Many aspects of life are affected by the disorder and chronic pain restricts both physical and psychosocial functions [3,4]. When comparing results from Subjective Health Complaints (SHC) in this group with that of the general Norwegian population, the EDS group scored higher than the population on tiredness and chronic pain . The most reported complaints were musculoskeletal and pseudo neurological, followed by gastroenterological complaints . Daily living is complicated by other symptoms as oral problems such as bleeding gums, dental loss, oral pain, difficulty to chew and ineffective anesthetic in treatment . The relation between joint hypermobility syndrome, also known as EDS type III (JHS), and anxiety is studied [6-8]. In comparison with controls, it was found that panic disorder, agoraphobia, and simple phobia were highly associated with JHS. Individuals with hypermobile joints had significantly higher intensity of fears. The researchers thus concluded that JHS and anxiety are related, even in subjects with no psychiatric disorder .
In Sweden a number of EDS individuals have joined a patient group, the National EDS Association. Many individuals in the EDS group have complex health problems, are hypermobile and suffer from chronic pain . Since they sometimes don’t have observable physical signs, individuals with EDS often feel humiliated when their problems are neglected by health-care staff . These persons feel invisible in health-care and often struggle for many years to find a physician with whom to discuss their problems. The aim was therefore to identify perceived health-related quality of life and the level of anxiety and depression in a Swedish group of individuals with EDS.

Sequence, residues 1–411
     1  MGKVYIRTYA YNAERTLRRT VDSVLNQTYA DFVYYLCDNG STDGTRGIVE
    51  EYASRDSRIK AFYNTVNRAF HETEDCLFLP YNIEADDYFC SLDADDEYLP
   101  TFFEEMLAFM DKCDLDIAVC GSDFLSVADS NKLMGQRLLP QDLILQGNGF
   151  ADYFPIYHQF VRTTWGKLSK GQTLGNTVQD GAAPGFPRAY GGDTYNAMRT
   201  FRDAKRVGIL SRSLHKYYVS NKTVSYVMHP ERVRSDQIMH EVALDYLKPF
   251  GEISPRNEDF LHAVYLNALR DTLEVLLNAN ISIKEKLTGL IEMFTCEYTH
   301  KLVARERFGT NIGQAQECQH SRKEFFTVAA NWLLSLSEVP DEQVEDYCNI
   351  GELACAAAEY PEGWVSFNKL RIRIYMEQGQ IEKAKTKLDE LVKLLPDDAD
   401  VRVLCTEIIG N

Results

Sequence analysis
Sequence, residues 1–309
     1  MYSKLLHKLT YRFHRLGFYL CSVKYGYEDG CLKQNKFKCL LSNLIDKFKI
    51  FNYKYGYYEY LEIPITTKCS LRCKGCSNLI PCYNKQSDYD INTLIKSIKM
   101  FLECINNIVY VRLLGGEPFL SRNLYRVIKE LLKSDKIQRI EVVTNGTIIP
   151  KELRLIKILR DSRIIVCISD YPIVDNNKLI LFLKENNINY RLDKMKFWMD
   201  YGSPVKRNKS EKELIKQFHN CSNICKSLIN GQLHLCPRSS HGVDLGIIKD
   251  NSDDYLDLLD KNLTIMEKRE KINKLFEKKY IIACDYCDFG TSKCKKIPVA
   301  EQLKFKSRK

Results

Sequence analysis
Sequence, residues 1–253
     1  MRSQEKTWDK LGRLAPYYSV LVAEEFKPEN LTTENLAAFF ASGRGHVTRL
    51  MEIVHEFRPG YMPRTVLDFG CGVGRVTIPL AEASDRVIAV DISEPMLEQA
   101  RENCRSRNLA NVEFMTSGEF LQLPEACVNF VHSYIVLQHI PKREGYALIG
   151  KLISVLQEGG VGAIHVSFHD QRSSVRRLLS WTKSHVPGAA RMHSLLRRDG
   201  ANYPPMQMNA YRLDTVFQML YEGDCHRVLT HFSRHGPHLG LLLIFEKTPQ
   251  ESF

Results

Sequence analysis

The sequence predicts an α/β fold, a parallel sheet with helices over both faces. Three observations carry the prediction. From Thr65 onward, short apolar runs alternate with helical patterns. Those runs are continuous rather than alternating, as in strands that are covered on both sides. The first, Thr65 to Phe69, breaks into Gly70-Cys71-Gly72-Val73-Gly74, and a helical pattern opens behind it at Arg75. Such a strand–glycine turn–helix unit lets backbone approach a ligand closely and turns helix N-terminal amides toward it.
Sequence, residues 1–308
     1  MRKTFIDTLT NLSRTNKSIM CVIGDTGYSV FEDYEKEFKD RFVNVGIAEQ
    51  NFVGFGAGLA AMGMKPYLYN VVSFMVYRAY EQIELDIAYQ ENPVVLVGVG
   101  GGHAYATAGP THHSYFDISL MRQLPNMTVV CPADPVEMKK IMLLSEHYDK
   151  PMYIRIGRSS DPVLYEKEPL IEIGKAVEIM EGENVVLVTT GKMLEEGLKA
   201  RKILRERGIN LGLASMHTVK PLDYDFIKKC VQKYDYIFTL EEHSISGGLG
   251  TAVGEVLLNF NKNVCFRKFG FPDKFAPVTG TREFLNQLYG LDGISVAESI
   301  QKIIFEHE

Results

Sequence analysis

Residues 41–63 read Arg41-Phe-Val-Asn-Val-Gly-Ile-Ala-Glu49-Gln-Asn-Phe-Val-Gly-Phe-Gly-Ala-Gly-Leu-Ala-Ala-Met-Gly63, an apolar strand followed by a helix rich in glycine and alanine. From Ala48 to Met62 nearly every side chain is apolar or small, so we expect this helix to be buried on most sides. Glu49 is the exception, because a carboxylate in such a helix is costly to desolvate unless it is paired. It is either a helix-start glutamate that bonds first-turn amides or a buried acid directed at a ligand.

A postal survey was carried out in 2008 when adult individuals over 18 years (n = 365), all being members of the Swedish National Ehlers-Danlos Syndrome Association, were invited to participate in the study. In the information form was emphasized that responding to the questionnaires was their consent to participate. Results from a randomized Swedish population study were used to compare the SF-36 results from the EDS group.
Information was retrieved about age, EDS type, body weight, body height, current cigarette smoking (no/yes), tiredness (no/yes/moderate/severe), current pain presence in the cervical (no/yes), thoracic (no/yes) or sacral regions (no/yes) were retrieved. A back pain variable was created as the sum of cervical, thoracic and sacral regions, ranging from 0 to 3, with 0 meaning no reported back pain.
To measure health related quality of life the Short form Health Survey (SF-36) was used. The SF-36 is a well validated self-rating questionnaire where dimensions of health are assessed, each ranging from 0-100 . Low scores represent low health-related quality of life. With 36 items the following eight dimensions of functioning are described: Physical Functioning, Physical Role Limitation, Bodily Pain, General Health, Vitality, Social Functioning, Emotional Role Limitation, and Mental Health. The reliability and the validity of the Swedish SF-36 version is tested and found satisfactory .